House Democrats also have continued our robust oversight efforts. Monitoring PACT Act implementation was crucial this year. There were key deadlines for back-dated benefits in August and the open enrollment period for VA healthcare ended in September. House Democrats remained diligent in ensuring our communities were aware of these benefit deadlines. From hosting town halls to remind veterans about the PACT Act, to flooding social media providing links to resources, updates, and important filing dates, we drove so much traffic to VA’s website that it crashed. The PACT Act webpage received over 22 million views since launching in August 2022, and we know House Democrats played a huge role in this. VA has seen over 215,000 new healthcare enrollees since the bill was signed into law in August 2022, nearly 5 million completed toxic-exposure screenings, and over 600,000 total PACT Act benefits claims have been approved. We are seeing veterans finally getting the care and benefits they have earned after being exposed to burn pits and other toxic substances. Committee Democrats also stood up to the Republicans who were attempting to take away mandatory funding for the Toxic Exposure Fund (TEF), which is used to provide PACT Act-related care and benefits. Had the Republicans succeeded, it would have left veterans once again fighting other veterans over limited resources for vital care and benefits.   

Ranking Member Takano and House Democrats also protected ground that was gained over the last four years to make sure VA is serving veterans well and providing them with high-quality benefits and healthcare. We protected against efforts to gut the VA workforce and privatize VA healthcare. We stood up to efforts to erode women veterans’ access to reproductive healthcare. We also made sure that Ranking Member Takano’s COMPACT Act, which was signed into law in 2020, was correctly implemented starting  in January and throughout the year. This law allows any veteran, regardless of whether they are enrolled in VA healthcare, to seek acute mental healthcare at any VA or non-VA hospital. This care is provided free of charge for the veteran. In just under a year since it was implemented, over 31,000 veterans have taken advantage of this law. If you or someone you know is struggling this holiday season, you can call 988 and press 1 for veteran-specific, immediate assistance.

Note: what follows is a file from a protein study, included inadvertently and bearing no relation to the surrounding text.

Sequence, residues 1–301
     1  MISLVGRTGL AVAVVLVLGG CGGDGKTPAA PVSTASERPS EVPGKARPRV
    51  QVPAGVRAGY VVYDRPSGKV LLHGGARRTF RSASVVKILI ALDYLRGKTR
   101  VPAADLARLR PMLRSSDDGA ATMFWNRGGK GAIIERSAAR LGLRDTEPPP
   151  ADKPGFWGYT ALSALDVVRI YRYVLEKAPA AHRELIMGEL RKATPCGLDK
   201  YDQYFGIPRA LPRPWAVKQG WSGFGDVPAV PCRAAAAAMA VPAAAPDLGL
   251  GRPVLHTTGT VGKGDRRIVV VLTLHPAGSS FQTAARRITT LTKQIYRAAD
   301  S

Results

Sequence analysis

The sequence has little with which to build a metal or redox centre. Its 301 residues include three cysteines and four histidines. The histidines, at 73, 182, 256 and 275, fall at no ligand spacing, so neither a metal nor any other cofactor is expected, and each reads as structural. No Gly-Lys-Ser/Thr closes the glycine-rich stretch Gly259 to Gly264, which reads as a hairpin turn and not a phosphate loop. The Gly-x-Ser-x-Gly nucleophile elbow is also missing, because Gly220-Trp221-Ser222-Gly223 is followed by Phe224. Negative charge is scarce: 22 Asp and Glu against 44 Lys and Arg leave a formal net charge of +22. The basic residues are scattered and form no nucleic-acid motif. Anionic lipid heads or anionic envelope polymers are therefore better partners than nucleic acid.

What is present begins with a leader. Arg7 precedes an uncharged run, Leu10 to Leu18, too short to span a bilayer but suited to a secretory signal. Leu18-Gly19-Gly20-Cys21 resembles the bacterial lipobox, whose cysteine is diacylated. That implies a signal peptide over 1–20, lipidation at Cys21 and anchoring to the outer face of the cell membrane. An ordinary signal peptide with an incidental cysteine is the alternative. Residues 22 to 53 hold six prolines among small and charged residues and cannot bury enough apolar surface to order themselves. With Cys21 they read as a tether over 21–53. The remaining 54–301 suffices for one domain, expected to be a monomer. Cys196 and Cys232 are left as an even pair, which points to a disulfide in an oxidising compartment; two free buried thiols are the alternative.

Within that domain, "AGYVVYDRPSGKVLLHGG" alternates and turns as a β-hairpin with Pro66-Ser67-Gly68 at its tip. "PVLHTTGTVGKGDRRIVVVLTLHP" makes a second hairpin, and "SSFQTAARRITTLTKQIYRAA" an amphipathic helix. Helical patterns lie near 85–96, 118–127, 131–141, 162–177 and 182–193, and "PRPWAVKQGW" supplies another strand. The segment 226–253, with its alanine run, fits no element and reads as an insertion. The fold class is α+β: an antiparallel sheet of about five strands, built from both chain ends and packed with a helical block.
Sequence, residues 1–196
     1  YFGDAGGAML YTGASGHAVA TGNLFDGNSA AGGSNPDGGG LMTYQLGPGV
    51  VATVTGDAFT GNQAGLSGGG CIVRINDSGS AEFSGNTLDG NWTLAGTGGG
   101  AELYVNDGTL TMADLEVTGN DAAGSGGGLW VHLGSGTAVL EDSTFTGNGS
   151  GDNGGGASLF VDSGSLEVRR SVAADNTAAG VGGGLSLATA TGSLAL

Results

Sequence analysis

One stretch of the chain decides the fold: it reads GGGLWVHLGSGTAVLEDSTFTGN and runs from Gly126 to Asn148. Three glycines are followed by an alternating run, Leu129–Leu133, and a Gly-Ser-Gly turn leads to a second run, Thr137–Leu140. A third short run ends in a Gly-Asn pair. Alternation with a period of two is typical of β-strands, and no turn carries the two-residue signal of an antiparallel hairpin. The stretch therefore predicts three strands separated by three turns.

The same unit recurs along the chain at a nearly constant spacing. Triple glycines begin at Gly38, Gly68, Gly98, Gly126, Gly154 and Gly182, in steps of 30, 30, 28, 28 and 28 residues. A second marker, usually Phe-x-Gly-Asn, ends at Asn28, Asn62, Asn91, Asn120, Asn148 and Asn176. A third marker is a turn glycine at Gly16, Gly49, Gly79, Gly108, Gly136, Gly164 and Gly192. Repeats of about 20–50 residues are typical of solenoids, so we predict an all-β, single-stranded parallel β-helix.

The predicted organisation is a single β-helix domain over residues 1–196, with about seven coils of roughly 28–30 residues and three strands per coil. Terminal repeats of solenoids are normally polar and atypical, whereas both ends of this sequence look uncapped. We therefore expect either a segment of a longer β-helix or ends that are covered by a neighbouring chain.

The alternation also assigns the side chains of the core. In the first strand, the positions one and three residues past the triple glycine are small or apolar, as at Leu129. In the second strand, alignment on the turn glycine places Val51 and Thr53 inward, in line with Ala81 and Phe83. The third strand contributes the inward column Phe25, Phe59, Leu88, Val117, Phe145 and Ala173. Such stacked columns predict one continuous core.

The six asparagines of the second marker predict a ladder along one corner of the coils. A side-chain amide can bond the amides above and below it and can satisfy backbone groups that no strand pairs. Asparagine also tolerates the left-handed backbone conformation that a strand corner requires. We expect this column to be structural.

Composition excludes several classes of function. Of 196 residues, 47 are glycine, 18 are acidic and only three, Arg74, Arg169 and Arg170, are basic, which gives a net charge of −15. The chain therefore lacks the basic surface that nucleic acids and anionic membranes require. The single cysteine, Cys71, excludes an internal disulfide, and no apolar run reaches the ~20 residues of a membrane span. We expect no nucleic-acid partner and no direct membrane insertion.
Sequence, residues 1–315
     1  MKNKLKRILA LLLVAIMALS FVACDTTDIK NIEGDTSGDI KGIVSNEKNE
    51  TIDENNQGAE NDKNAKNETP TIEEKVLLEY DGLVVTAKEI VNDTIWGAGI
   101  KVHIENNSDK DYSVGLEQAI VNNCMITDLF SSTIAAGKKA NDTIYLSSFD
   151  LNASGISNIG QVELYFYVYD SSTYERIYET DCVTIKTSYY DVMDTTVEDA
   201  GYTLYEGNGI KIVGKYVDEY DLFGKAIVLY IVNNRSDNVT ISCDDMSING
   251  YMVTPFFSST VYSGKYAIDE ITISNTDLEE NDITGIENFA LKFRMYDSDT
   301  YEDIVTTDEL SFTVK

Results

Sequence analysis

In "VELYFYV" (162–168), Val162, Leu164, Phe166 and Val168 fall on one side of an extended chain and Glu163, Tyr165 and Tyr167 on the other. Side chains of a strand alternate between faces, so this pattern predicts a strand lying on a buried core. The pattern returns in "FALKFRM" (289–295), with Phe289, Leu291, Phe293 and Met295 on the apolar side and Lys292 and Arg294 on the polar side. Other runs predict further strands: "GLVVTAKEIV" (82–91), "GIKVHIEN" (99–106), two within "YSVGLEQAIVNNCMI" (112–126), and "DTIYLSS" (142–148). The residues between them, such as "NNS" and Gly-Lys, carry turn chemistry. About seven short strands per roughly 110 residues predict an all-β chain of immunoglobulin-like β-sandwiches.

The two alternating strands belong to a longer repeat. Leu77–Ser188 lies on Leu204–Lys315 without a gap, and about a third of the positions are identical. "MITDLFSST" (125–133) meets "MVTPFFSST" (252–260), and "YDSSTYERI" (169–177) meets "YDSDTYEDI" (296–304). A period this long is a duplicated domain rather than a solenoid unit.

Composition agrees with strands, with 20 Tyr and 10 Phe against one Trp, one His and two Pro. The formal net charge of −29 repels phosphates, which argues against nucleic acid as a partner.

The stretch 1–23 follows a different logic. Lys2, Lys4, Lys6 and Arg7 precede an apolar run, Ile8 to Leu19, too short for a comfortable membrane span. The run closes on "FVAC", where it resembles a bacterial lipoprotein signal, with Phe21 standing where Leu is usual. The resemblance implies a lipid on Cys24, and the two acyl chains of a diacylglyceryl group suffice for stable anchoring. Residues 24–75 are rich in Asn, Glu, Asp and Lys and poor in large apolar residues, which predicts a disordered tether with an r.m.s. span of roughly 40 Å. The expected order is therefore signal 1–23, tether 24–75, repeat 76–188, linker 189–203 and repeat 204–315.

In addition to making sure laws are implemented correctly, the Committee remains committed to reaching veterans in their communities. Committee Members and staff spent time visiting California, Chicago, Indiana, France, Belgium, Germany, and Italy to hear from veterans, overseeing VA efforts to provide healthcare and benefits, honoring the fallen at cemeteries, visiting current and future healthcare sites, as well as meeting with local organizations that work to address veteran homelessness.

Of special note, in May we celebrated the 75th anniversary of the Specially Adapted Housing Grant at the Laurent House near Chicago. This grant has been a lifeline for veterans, helping disabled veterans find comfort and the ability to remain in their homes. This visit was a reminder of what is possible when Congress and veterans work together for the common good. 

As we enter the second year of the 118th Congress, Ranking Member Takano and HVAC Democrats will remain steadfast in protecting and honoring the promise we made to our veterans.  

As was laid out in Ranking Member Takano’s statement of his priorities for the 118th Congress, Committee members will remain diligent in our work to end veteran homelessness and veteran food insecurity, ensure veteran benefits parity, and make sure no veteran is left behind.